Michigan is playing good defense, despite the fact that coach John Beilein sounds like he might prefer using a strategy. Known for running a 1-3-1 zone at other stops along his coaching journey, Michigan has now gone man-to-man.

Against Louisville, Michigan will be looking to stop guards Peyton Siva and Russ Smith.

“Just stay in front of them and force them to take tough shots,” guard Nik Stauskas said. “I know this from playing with Russ, he is one of the most aggressive guards in the country. He will try to get into the paint and get any look he can take.”

Another factor will be the rise of freshman Mitch McGary, who has shot to prominence during the tournament after starting just six games all season. Against Syracuse in the semifinal game Saturday, McGary paced Michigan in rebounds and assists and tied for second-most in scoring.

“My teammates are beginning to trust me a lot more and my confidence level has skyrocketed,” McGary said. “Them trusting me so much and having confiedence in me on the court, I bring the energy and they feed off that that. Our team is peaking at the right moment and I am just glad to still be playing.

Finally, Michigan is riding a wave of momentum that saw it roll virtually unchallenged through most of the NCAA tournament. It took an 87-85 win against Kansas in OT to make it past the South Regional semifinal, but other than that and a fairly close Final Four semifinal game against Syracuse on Saturday, Michigan has steamrolled its competition.

And don’t even try suggesting to Beilein that Michigan was able to beat Syracuse despite what might have seemed like an off night from star Trey Burke.

“I bristled a little bit when people say that Trey Burke has an off game,” Beilein said. “Trey Burke did so many things behind the scenes in that game that we don’t win without Trey Burke, don’t come close. What you all have to understand, it’s more than just box score, how many points.

“How many good screens did he set? How many times did he pass right to a shooter when we needed it? Stop looking at the final box score and how many points. If you understand all the nuances of the game, it’s a huge difference of whether we win or lose, some of the intangibles that happen in a game that you never see in a stat.”

Roster depth also means a lot, according to Stauskas.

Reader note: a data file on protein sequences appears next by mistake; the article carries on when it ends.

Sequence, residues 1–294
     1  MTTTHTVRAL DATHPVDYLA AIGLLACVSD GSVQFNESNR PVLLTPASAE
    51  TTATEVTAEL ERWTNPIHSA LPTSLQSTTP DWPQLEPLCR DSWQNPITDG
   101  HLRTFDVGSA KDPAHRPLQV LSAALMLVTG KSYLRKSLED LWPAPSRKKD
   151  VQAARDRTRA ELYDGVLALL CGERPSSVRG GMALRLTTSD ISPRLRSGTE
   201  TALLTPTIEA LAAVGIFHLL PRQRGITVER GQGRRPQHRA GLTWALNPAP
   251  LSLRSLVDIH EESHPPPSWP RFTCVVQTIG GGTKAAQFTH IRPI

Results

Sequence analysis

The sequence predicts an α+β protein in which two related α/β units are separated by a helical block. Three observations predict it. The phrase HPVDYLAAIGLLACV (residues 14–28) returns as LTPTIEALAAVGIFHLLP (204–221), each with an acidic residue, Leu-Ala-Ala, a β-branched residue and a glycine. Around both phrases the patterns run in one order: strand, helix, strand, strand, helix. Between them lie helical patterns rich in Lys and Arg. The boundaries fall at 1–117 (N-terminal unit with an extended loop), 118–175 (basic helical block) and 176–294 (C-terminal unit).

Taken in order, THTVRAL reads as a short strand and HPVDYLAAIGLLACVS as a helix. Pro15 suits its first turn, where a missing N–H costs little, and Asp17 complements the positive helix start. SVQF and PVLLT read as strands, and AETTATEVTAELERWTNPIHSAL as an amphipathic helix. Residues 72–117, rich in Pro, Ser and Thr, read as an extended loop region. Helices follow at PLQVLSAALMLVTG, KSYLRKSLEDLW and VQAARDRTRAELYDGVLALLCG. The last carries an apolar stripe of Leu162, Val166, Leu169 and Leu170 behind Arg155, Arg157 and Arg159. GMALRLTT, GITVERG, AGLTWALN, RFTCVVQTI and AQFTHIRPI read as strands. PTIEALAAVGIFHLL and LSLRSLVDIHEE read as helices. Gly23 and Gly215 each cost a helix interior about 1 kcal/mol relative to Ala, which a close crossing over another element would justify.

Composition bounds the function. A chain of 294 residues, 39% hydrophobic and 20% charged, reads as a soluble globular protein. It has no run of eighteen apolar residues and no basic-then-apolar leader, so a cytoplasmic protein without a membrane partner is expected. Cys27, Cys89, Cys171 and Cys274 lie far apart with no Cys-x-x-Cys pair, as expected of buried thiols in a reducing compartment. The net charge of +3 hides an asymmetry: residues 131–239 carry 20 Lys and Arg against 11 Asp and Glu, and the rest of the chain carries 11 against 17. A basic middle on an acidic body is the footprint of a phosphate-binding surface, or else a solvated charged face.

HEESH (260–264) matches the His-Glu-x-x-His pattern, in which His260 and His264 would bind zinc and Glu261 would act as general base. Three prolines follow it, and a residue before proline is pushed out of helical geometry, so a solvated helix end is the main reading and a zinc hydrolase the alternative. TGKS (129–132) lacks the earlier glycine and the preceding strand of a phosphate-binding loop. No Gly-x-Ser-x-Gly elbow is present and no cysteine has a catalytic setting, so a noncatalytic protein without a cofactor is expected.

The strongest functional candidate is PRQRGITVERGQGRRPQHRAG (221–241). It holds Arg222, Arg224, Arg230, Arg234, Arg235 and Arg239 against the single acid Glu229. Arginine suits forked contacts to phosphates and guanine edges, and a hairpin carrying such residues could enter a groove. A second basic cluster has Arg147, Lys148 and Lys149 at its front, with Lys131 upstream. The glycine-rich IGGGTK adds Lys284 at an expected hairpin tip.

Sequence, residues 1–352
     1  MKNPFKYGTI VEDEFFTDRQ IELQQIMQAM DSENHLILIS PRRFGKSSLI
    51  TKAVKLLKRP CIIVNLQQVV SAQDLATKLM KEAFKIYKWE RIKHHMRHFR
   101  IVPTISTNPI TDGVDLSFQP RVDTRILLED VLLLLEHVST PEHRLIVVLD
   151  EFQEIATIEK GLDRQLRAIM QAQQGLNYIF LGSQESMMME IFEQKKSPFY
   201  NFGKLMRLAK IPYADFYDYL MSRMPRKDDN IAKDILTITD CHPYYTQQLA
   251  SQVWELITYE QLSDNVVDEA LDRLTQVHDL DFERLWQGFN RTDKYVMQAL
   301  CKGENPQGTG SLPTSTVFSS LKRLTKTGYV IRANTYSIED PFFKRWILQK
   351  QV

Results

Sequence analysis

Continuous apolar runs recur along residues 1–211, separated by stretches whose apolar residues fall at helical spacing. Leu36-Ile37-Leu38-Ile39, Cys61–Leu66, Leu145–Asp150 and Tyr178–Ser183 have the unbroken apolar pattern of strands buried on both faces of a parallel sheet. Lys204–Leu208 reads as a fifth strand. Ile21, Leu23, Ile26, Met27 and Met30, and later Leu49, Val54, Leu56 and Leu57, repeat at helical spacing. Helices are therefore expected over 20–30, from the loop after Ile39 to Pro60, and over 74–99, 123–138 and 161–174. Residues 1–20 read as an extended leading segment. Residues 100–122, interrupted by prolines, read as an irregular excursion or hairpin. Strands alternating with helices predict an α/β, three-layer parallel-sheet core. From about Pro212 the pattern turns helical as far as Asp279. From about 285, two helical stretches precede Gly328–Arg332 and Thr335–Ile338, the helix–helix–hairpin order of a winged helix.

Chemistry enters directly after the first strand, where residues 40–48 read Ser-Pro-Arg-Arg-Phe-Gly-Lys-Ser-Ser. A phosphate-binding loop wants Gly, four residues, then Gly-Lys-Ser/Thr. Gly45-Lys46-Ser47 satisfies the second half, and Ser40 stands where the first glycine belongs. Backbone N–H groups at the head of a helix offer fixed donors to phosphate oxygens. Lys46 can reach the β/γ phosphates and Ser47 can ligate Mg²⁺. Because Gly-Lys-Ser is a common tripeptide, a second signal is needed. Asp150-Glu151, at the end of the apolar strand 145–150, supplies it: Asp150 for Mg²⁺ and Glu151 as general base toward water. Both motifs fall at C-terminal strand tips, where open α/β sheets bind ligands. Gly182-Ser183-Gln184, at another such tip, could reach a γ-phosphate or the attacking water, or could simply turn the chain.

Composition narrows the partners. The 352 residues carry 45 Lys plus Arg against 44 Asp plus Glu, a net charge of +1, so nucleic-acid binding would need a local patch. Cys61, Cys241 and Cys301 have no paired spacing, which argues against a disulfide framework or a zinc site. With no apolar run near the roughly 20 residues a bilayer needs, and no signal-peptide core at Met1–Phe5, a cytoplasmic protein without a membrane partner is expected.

“We have a lot of kids on this team that have sacrificed playing time all year long,” he said. “Games like [Syracuse] where I didn’t shoot the ball well or Trey struggled a little bit, we have guys coming off the bench like Caris [LaVert] and Spike [Albrecht] who hit bit shots for us.”

The bottom line? It’s this: “We’re at our best when this team is firing on all cylinders and we have guys coming off the bench and playing well,” Stauskas concluded.

In just a few hours, we’ll find out just how well Michigan’s cylinders are firing. If things go as well for the squad as they have been, Louisville might be in trouble.

-- Rick Houston, NCAA.com


Louisville was named the top seed in the NCAA tournament on Selection Sunday. Three weeks later, Rick Pitino’s Cardinals have done nothing to show they weren’t worthy.

Saturday’s semifinal victory against Wichita State was just the latest example of why Louisville will win its first national championship since 1986.

Take center Gorgui Dieng for example. The 6-foot-11 junior was held scoreless for the first time since Feb. 22, 2011, at Rutgers -- his freshman season. Sure, he’s not known for his offense, but getting zero production from the big man could’ve doomed most teams. Throw in the fact guard Peyton Siva was 1-for-9 and you start to wonder how did the Cards advance?

Luckily for Pitino, he has a bench. A very good bench.

The Cardinals proved Saturday night that even without the injured Kevin Ware coming off that bench, they are dangerous. Luke Hancock scored 20 points and supplied dagger after dagger to the Shockers' hopes of, well, a shocker.

Speaking of shockers, reserve guard Tim Henderson was more than a pleasant surprise stepping into the rotation for the injured Ware. Henderson scored six points on two 3-pointers which sparked Louisville’s comeback when it trailed by 12 in the second half. Henderson hadn’t scored six points total since mid-December.

"The players said they weren't surprised about him making those back-to-back 3s," Pitino said. "They're being very kind. I was shocked. Not shocked that he made them, just that he had the gumption to take them, then take it again.”

Siva and Dieng won’t go a combined 1-for-10 from the field again on Monday, and the one guy who shined from Pitino’s starting five Saturday was Russ Smith. He’s living up to his nickname during this postseason run. Smith has scored 20 or more points in all five of Louisville’s NCAA tournament games, including 21 on Saturday. That’s just Russdiculous.

Russdiculous is part of a Louisville backcourt which can lock any team down on defense, being ranked the No. 2 in the nation in steals in addition to turnover margin. In a game that will feature some of the best guards in the country in Siva, Smith and Michigan’s Trey Burke and Tim Hardaway Jr., that will be key.

In the end, it’s more than stats. There’s an X-factor with this team.

The Cards could’ve folded when they trailed by 16 in the second half against Syracuse in the Big East Championship Game. Instead, Louisville outscored the Orange 56-26 in the second half to claim the conference title.

Louisville could’ve folded when Ware’s leg broke in Indianapolis against Duke a week ago. After Ware was wheeled off, the Cards could’ve packed it in. Who would’ve blamed them after what they had just witnessed? Instead, Louisville blew away the Blue Devils en route to Atlanta.

No matter what the deficit, no matter what awful situation Pitino’s team has seen this year, his Cards have come through. And they will again on Monday night at the Georgia Dome.

-- Douglas Kroll, NCAA.com